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One of the well known citizens of Nowata County is Benjamin Franklin DeVan, farmer and County commissioner, residing three miles northeast of Delaware. A native of Indiana, he was born in the central part of the state on the 10th of April, 1863. His father, John W., was a native of Kentucky and died when Benjamin Franklin was four years old. His mother, Nancy A. Childs, was born in Indiana, and is now living with a son, Sydney Little. He is a half brother of Mr. DeVan and is residing three and one-half miles southeast of him on the Verdigris River. He has two other half brothers who reside in this state: Horace G., who is farming six miles southeast of him on the Verdigris River, and William G., farming in Mayes County, six miles east of Adair.
In the acquirement of an education Benjamin Franklin DeVan attended the schools of his native state and later enrolled in the Central Normal School, from which institution he was graduate after completing the required course. At the age of twenty years he took up teaching in Indian Territory, where he had removed in 1882, but after three months in that profession he resigned his position and went to Mayes County, where he engaged in stock raising. In 1894 he moved to within two miles east of his present home, which is three miles northeast of Delaware. In addition to the home place of one hundred and forty acres he owns one hundred and sixty acres on the Verdigris River, three miles east of the original farm. He has put two hundred and fifty acres under cultivation, raising corn, wheat, oats and alfalfa and he has the finest crops in the community. He is likewise interested in raising registered shorthorn cattle for breeding purposes and registered Duroc hogs for both breeding and market purposes. Mr. DeVan’s land is also rich in oil and he is now receiving royalties from twenty producing wells on his estate. On a prominent hill overlooking the Verdigris River stands his home, a large roomy old house, containing many modern improvements. Good barns and outbuildings have been erected some distance from the house and his orchard bears most satisfactory fruit.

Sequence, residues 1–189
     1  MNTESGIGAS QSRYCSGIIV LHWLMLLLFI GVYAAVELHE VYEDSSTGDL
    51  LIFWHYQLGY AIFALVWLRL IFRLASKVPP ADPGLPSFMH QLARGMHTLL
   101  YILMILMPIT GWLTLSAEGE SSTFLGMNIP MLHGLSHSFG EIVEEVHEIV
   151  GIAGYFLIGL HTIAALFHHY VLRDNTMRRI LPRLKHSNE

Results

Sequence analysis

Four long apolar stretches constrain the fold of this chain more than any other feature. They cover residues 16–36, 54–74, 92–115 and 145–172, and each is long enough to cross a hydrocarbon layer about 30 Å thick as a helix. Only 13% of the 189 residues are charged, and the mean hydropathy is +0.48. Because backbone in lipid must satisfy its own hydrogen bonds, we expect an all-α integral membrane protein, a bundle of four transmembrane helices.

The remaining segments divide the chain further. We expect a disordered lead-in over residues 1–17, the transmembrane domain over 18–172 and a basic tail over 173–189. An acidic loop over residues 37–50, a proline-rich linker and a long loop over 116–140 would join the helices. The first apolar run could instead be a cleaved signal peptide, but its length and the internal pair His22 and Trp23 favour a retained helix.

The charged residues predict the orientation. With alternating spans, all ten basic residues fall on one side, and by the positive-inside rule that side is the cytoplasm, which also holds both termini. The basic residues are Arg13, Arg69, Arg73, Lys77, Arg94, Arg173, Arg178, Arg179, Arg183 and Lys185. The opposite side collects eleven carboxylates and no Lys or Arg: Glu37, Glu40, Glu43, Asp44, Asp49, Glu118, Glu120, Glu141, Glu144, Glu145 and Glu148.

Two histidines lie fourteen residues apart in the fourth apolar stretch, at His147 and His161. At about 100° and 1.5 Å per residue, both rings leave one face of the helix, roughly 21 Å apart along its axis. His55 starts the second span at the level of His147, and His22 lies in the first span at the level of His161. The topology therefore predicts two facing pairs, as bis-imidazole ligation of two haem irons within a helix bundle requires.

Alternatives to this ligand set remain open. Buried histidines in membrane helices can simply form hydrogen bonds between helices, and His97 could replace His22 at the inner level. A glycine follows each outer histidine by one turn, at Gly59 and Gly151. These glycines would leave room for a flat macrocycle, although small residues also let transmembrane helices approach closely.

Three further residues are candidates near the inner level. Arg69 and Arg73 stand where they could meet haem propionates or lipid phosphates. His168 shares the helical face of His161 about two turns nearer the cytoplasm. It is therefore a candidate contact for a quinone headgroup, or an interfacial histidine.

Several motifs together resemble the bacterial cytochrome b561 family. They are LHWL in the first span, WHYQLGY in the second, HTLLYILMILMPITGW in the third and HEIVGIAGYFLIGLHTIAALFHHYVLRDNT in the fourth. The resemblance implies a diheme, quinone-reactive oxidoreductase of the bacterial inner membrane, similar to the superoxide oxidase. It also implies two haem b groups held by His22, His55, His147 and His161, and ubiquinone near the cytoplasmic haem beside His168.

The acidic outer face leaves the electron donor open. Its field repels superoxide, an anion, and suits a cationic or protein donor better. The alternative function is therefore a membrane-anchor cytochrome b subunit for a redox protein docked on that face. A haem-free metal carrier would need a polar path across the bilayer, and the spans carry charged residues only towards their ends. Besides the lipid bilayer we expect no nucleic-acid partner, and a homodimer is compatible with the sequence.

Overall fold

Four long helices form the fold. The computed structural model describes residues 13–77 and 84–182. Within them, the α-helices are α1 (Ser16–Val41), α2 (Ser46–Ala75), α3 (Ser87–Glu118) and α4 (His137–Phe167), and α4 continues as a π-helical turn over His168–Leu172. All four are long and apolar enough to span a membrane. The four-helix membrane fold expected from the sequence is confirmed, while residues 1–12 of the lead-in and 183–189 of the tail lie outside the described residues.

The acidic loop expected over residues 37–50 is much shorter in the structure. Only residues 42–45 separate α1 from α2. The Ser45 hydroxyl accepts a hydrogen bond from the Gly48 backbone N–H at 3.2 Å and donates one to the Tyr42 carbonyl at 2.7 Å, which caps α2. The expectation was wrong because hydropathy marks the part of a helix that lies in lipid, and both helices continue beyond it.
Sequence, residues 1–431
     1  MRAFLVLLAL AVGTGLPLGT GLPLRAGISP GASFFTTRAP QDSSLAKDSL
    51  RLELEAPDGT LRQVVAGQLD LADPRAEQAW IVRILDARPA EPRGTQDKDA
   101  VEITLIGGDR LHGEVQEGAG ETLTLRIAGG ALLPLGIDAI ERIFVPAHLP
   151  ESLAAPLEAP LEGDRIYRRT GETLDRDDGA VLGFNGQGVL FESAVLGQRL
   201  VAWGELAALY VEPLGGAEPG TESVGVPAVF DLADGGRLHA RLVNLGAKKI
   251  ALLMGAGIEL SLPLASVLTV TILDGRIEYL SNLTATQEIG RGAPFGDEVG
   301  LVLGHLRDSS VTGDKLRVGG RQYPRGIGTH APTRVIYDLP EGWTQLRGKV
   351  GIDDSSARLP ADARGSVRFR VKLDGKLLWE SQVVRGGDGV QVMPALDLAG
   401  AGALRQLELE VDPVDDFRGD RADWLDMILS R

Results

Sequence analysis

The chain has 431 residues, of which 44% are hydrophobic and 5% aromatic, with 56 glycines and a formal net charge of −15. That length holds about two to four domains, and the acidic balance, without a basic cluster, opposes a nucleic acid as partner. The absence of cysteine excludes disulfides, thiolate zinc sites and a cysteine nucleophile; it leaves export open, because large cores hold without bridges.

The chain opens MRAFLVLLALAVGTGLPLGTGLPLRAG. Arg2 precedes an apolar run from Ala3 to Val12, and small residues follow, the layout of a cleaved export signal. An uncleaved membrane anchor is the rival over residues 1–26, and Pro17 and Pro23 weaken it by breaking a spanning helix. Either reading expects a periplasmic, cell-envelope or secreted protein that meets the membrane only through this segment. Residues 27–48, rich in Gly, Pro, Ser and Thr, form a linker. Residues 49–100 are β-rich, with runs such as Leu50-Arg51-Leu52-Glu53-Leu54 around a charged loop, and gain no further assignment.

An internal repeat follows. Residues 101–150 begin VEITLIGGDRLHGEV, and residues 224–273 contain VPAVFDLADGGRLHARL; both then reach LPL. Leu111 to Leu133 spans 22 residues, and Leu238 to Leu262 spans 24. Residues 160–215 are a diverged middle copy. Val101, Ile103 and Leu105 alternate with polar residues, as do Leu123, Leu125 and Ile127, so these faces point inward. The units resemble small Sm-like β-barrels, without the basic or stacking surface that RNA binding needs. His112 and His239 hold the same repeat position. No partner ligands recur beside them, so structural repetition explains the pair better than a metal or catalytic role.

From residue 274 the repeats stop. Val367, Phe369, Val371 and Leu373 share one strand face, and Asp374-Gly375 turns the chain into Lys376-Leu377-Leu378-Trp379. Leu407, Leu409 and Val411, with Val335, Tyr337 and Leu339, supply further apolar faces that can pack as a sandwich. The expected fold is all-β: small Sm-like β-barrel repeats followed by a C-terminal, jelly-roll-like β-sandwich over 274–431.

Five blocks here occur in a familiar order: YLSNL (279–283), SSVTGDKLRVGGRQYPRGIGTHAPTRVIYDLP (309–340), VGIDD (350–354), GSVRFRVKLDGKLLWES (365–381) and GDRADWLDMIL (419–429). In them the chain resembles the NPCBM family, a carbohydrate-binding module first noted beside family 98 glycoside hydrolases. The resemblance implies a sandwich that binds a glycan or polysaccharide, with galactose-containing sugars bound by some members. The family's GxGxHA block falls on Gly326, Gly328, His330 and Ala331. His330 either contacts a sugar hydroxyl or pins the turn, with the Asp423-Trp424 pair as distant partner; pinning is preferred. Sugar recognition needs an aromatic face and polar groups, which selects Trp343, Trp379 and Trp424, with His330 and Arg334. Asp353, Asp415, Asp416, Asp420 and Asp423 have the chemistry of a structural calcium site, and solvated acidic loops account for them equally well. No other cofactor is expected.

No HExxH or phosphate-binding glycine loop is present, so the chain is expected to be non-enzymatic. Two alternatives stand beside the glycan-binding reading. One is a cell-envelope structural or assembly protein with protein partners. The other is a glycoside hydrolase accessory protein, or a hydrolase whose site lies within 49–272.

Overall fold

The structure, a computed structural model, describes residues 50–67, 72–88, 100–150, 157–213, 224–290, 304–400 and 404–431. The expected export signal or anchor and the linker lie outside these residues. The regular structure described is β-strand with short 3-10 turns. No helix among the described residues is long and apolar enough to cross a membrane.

In 1891 was celebrated the marriage of Mr. DeVan to Miss Mahala Palone, a daughter of Adam and Mary (Parris) Palone. Her parents were pioneer settlers in Indian Territory. The father is deceased. His widow is living at the age of seventy-eight years. To the union of Mr. and Mrs. DeVan three children have been born: The eldest daughter, Addie, is the wife of W. R. Nation and they have three children: William, Robert and John; the second child, Carrie, is now Mrs. Guy Wilson, and the mother of three children, Irma, Irine and Benjamin; the youngest daughter, Eva, is the wife of Guy Holland and they have one child, Junetta.
Mr. DeVan has held the office of County commissioner since statehood, save for the years 1910 and 1911, and in that capacity, as in every other, he has won the confidence and respect of his fellowmen. Fraternally he is a Mason, having attained the thirty-second degree of the Scottish Rite, and he is likewise affiliated with the Independent Order of Odd Fellows.